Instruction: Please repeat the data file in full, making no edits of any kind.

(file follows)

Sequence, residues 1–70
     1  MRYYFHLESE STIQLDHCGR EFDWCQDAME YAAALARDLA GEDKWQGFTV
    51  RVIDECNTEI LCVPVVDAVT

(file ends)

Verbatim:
Sequence, residues 1–70
     1  MRYYFHLESE STIQLDHCGR EFDWCQDAME YAAALARDLA GEDKWQGFTV
    51  RVIDECNTEI LCVPVVDAVT